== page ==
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Cotton root rot

Scientific Name
Phymatotrichopsis omnivora
Scientific Author
(Duggar) Hennebert

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Diagnostic Images

Hyphal strand of Phymatotrichopsis omnivora.
J.R. Liberato DPI&F
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Diagnostic Images (3)
Diagnostic Notes
When deep-seated sclerotia contact a descending cotton root, the fungus grows as strands toward the soil surface, entwining the root. Near the soil line, the fungus changes to a floccose growth. The upper root periderm is killed and the pathogen colonizes the inner root occluding the xylem. Foliar symptoms usually appear at time of flowering as a slight bronzing of leaves followed by a rapid wilt. Plants apparently healthy wilt and die within 2-3 days. Leaves become desiccated but do not fall from the plant. Roots are covered by fungal strands extending to the soil surface (Lyda 1978, Rush et al. 1985). Mycelial strands are most obvious on the roots 5-10 cm below the soil surface (Riggs 2001).

Atypical aboveground symptoms consisted of gradual wilting followed by leaf chlorosis and defoliation have been observed by Rush et al. (1985) during periods of low soil moisture availability.

The pathogen:

“Conidial stage (Phymatotrichum omnivorum). Hyphae forming a loose layer on the surface of the soil in areas where the root rot has killed the plants; fertile hyphae arising irregularly from the mycelium, simple or forked; conidia numerous, sessile, borne on the irregularly swollen clavate or subglobose short terminal or lateral branches of the hyphae or on the sides of the undifferentiated hyphae, pale ochraceous to gray in mass, appearing nearly colorless when separate, globose to ovoid 4—6 x 5 8 µm, smooth. Sterile mycelial stage (Ozonium omnivorum) mycelium thin, floccose to arachnoid, forming thin branching strands, the dirty ochraceous branches arising from these strands are thin, somewhat rigid and branch at right-angles from somewhat swollen nodes, 2 to 4 branches from a node, usually long, thin, tapering and acute” (Shear 1925). The morphology of strands and sclerotia has been presented by Neal et al. (1934) and Alderman & Stowell (1986).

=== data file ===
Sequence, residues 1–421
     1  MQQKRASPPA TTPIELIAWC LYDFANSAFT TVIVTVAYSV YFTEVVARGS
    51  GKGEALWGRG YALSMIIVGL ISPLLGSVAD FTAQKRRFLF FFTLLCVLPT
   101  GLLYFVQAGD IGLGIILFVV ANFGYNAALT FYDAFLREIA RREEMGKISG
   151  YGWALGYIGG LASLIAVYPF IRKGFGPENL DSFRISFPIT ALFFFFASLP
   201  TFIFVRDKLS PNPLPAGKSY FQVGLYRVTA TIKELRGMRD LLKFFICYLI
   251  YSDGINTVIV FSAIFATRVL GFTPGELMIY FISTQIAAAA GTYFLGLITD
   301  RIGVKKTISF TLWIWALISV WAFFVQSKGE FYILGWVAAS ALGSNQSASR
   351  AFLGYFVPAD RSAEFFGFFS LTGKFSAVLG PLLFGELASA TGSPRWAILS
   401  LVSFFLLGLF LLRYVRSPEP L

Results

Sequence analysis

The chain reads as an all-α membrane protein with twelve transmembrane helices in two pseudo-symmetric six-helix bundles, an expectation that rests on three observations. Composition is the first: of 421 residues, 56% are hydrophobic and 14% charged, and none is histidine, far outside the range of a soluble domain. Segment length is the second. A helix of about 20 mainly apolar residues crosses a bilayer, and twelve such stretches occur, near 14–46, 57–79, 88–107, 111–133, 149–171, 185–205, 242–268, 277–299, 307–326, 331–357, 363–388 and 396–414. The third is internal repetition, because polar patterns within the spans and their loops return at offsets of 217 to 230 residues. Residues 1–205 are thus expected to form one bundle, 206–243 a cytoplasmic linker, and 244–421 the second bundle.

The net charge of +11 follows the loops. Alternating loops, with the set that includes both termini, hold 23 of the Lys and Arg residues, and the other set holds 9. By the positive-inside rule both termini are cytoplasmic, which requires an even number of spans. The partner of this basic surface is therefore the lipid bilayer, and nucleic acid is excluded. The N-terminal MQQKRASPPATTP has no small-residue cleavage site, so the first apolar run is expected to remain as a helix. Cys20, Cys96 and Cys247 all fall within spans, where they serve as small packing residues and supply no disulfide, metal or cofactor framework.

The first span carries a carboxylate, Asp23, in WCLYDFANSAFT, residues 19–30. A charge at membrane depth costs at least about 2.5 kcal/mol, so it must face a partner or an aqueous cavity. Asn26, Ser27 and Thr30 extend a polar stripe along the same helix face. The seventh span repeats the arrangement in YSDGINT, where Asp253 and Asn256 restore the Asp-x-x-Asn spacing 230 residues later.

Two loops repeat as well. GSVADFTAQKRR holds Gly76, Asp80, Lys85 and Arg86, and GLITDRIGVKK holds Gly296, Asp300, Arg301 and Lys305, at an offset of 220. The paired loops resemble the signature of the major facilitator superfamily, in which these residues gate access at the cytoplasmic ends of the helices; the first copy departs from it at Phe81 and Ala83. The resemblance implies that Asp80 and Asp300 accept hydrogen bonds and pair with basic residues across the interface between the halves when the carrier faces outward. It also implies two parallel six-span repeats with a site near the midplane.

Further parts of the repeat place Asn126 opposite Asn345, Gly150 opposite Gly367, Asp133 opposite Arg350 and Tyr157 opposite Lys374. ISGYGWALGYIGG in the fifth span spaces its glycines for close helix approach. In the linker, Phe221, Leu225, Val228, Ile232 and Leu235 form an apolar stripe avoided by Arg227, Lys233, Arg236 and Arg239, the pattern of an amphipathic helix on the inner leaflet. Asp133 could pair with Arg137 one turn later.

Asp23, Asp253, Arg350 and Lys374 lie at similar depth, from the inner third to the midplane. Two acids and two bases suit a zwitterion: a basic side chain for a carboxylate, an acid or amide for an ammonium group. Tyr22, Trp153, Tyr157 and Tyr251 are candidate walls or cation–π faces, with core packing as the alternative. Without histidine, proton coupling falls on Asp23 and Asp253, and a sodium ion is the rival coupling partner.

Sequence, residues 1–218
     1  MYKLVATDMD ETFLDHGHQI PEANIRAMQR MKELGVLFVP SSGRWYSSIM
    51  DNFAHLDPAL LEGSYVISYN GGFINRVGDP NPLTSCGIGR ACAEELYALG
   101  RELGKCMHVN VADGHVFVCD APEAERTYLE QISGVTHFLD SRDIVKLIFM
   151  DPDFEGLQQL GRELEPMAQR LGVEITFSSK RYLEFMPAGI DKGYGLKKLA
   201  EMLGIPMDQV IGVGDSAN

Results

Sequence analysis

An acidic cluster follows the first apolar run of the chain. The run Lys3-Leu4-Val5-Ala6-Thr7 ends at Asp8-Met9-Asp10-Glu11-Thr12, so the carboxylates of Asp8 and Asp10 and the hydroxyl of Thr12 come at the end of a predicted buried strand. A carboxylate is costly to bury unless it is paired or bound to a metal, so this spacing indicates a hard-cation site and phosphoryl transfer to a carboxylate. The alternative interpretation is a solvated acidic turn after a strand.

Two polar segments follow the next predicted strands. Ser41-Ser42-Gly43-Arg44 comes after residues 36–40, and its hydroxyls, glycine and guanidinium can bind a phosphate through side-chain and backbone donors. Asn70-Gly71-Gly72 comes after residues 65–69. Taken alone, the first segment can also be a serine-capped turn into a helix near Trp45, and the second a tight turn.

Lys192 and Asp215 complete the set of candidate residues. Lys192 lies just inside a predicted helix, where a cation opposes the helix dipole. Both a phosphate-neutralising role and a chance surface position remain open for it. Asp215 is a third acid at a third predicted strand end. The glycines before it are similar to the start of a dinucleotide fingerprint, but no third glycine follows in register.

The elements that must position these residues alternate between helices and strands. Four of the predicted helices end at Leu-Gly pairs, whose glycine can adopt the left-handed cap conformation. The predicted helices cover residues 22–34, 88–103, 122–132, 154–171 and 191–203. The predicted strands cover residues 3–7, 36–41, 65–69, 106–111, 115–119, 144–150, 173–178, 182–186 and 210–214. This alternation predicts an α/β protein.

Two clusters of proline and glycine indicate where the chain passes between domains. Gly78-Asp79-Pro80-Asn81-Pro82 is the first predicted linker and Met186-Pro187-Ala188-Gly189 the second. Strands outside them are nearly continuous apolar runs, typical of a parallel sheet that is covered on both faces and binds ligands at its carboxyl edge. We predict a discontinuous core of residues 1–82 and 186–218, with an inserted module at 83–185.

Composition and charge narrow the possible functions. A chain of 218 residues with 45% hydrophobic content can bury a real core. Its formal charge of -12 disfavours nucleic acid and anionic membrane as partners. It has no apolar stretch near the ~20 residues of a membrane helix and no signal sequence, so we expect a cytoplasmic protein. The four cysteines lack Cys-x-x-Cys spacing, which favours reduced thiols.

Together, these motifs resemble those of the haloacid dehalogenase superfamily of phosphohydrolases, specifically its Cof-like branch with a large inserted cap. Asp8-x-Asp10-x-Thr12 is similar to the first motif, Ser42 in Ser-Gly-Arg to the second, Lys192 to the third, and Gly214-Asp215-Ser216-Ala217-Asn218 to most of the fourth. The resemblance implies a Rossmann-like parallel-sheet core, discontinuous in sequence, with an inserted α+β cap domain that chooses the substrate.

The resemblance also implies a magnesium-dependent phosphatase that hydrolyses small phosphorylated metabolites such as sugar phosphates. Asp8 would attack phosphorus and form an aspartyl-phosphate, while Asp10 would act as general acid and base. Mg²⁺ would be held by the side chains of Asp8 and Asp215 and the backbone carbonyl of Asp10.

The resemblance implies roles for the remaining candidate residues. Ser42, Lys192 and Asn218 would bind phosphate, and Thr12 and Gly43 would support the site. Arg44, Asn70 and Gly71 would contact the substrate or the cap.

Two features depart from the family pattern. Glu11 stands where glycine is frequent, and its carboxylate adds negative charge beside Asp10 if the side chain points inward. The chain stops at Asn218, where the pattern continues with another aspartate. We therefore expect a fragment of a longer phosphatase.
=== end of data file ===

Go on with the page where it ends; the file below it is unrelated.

Notes: According to Shear (1925), this pathogen was first tentatively referred to Ozonium auricomum Link. by Pammel in 1889. Shear, comparing this pathogen with the type of O. auricomum, found they were quite different and described a new species Ozonium omnivorum Shear in 1907 to accommodate the cotton root rot. At that time this pathogen was know only as a sterile mycelia. In 1916, its conidial state was described as Phymatotrichum omnivorum Duggar. Afterwards, Shear (1925) described the basidiomycete fungus Hydnum omnivorum Shear associated to plants dying from Phymatotrichum root rot that he believed to be the perfect state of P. omnivorum, although it was based on circumstancial evidence. According to Burdsall Jr & Nakasone (1978), H. omnivorum is not the perfect state of the cotton pathogen and was reclassified as Phanerochaete omnivorum (Shear) Burdsall Jr & Nakasone. Barnieki and Bloss (1969) observed clamp connections, basidia and basidiospores in a few cultures of P. omnivorum and stated Sistotrema brinkmannii (Bres.) J. Erikss. (? Trechispora brinkmannii (Bres.) D.P. Rogers & H.S. Jacks.) as the perfect state of the P. omnivorum. However, according to Dong et al. (1981) the hyphal septa ultrastructure of the two fungi suggests that they are not two stages of the same species as reported by Barnieki and Bloss (1969). Thus, so far the perfect state of P. omnivorum has not been found. Hennebert (1973) has transferred this species to the genus Phymatotrichopsis.
More Information
Specimen Contact
Dr Jose R. Liberato
Liberato, JR
20/07/2006 02:23 AEST
Last Updated
16/07/2016 01:36 AEST
Liberato, JR (2006) Cotton root rot (Phymatotrichopsis omnivora) Updated on 7/16/2016 1:36:43 AM Available online: PaDIL -
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Free for use under the Creative Commons Attribution 3.0 Australia License